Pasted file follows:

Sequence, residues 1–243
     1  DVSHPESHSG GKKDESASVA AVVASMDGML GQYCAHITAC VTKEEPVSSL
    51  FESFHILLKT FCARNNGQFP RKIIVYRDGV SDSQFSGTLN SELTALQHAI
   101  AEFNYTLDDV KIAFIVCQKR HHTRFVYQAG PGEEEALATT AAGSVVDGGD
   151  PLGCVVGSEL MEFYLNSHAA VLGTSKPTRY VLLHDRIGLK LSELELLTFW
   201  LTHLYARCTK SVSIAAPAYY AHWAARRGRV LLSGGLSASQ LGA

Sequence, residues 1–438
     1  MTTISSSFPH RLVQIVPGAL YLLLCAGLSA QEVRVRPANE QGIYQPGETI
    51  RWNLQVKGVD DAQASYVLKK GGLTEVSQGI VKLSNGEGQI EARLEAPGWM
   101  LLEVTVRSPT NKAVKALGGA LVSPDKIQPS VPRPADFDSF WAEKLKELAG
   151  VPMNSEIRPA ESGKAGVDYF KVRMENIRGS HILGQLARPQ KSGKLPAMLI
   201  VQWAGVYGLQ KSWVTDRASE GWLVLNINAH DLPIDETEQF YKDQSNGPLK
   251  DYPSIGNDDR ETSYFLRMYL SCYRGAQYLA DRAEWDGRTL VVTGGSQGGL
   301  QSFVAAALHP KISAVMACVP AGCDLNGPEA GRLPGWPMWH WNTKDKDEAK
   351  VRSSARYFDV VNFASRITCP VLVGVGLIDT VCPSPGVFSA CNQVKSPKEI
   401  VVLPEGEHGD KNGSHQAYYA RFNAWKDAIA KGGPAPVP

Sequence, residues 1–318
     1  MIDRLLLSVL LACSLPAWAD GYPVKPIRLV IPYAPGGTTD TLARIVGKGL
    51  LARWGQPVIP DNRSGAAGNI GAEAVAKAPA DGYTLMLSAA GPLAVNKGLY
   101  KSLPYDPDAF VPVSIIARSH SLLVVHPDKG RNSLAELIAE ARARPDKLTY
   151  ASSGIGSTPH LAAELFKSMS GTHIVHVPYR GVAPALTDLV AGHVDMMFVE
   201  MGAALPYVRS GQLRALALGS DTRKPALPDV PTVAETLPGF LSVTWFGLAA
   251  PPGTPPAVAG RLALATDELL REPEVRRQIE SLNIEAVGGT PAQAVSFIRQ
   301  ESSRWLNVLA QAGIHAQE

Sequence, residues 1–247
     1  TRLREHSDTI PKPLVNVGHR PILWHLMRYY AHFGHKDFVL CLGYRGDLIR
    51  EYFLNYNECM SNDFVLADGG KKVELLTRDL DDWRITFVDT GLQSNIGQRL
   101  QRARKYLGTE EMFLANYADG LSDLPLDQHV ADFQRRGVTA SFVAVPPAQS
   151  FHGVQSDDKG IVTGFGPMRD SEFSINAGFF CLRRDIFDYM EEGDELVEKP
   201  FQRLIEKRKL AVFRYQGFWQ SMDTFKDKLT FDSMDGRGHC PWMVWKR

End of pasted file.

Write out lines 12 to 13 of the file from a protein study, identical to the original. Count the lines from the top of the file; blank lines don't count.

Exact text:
   201  VQWAGVYGLQ KSWVTDRASE GWLVLNINAH DLPIDETEQF YKDQSNGPLK
   251  DYPSIGNDDR ETSYFLRMYL SCYRGAQYLA DRAEWDGRTL VVTGGSQGGL